Asian American students not in favor of affirmative action.
A coalition of Asian American groups have filed complaints today with the Department of Education against Brown University, Dartmouth College, and Yale University, alleging that Asian American students are discriminated in admissions against vis-a-vis “underrepresented minorities”, that is, blacks, Latinos, and Native Americans.
While the population of college age Asian-Americans has doubled in 20 years and the number of highly qualified Asian-American students “has increased dramatically,” the percentage accepted at most Ivy League colleges has flatlined, according to the complaint, reported The Wall Street Journal. It alleges this is because of “racial quotas and caps, maintained by racially differentiated standards for admissions that severely burden Asian-American applicants.”
The complaint is the latest in a long line against selective colleges on behalf of Asian-American applicants, but the Education Department has never found that schools are deliberately discriminating against members of that group. Last year the Education Department dismissed a complaint against Harvard University, deferring to the much-anticipated Supreme Court ruling on the race-conscious undergraduate admission policy at the University of Texas at Austin. Oral arguments for that case were heard in December.
The complaint filed Monday by the Asian-American Coalition for Education, which consists of more than 100 organizations, makes many of the same points as its predecessor against Harvard. It charges that the number of Asian-Americans at the three schools is capped and a special “just-for-Asians admissions standard” is in place. Admissions officers “often treat Asia-American applicants as a monolithic block rather than as individuals, and denigrate these applicants as lacking in creativity/critical thinking and leadership skills/risk taking,” reported the Journal.
In an accompanying petition, the group said it filed this complaint because even if it hits a legal wall it will generate social and political pressure. After the Department of Education started investigating Harvard in 1988, its admission rate of Asian-Americans jumped to 16.1% in 1991 from 10.8%. After students filed a complaint against Princeton in 2006, its admission rate increased to 25.4% in 2014 from 14.7% in 2007.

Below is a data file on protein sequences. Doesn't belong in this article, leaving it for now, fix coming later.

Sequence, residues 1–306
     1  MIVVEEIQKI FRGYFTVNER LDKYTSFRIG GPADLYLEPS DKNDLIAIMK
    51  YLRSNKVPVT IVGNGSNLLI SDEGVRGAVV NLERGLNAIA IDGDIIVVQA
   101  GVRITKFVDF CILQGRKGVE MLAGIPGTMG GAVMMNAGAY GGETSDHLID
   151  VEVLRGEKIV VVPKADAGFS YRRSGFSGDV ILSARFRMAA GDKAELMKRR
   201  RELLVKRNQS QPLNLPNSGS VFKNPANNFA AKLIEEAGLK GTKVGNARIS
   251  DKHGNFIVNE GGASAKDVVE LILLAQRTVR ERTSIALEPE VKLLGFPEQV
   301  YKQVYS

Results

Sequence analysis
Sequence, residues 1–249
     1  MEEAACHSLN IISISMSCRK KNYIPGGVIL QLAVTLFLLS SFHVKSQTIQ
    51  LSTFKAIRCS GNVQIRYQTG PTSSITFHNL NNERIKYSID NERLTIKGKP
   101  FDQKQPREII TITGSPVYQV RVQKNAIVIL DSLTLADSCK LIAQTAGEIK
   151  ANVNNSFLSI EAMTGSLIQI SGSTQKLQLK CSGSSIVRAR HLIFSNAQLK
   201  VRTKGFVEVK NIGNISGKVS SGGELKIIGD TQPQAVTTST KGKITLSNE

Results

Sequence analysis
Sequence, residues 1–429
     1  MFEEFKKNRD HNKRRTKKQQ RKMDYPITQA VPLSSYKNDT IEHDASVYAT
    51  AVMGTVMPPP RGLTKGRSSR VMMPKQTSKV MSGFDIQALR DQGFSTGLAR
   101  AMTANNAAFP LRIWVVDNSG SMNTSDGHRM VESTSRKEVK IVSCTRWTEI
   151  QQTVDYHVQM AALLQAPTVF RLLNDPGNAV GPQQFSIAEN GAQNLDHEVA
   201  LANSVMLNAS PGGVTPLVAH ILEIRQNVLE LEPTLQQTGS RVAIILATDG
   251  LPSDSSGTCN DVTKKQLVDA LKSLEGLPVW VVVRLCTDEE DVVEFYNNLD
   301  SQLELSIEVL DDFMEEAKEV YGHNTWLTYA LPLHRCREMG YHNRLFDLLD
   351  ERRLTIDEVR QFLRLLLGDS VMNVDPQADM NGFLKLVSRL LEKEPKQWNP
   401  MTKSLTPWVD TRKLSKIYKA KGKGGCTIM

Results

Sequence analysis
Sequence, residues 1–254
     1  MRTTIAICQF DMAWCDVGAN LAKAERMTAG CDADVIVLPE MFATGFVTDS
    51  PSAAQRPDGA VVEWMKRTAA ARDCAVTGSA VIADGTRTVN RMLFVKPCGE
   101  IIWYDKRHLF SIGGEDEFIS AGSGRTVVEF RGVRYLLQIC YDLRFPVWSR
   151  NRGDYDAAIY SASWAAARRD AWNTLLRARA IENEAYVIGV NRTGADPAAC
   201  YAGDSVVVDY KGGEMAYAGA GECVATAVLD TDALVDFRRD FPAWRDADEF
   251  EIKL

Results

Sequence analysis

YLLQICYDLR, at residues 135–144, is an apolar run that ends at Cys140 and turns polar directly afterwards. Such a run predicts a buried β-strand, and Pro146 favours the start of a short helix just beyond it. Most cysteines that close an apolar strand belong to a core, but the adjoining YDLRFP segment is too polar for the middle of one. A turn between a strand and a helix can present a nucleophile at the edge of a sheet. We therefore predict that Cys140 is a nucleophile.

A group calling itself Asian Americans Advancing Justice, however, issued a statement on Monday saying it fully supports affirmative action in higher education.
The suit against Harvard last year cited third-party academic research on the SAT exam showing that Asian-Americans have to score on average about 140 points higher than white students, 270 points higher than Hispanic students and 450 points higher than African-American students to equal their chances of gaining admission to Harvard. The exam is scored on a 2400-point scale, reported the Journal.
The concentration of so many accomplished Asian-American students diminishes the odds of admission, said Nat Smitobol, a counselor at IvyWise, a New York-based college admissions service.
“It’s tougher for Asians to be successful because they’re competing against a pool that’s quite saturated,” said Smitobol.
He noted that international Chinese students are beginning to apply in greater numbers to non-STEM (science, technology, engineering and mathematics) programs to improve their chances of acceptance.
The complaint, said a spokesman from Brown, is without merit.
The Voice of America reported that in response to the complaint, Yale says academic metrics are “not the sole determinants for admission,” while Dartmouth explains it “considers the whole person” when screening applicants.
The National Review, writing on the complaint, noted: “That much is admitted by the schools themselves. The question is whether the politically correct discrimination is so ham-handed that it violates the constraints the Supreme Court has put on it, and whether the discrimination against Asian Americans is likewise vis-a-vis whites, which remains politically incorrect. Still, the complaint is welcome, especially as we continue to await the Supreme Court’s decision in Fisher v. University of Texas, which one hopes will put still more constraints on all racial discrimination in university admission.”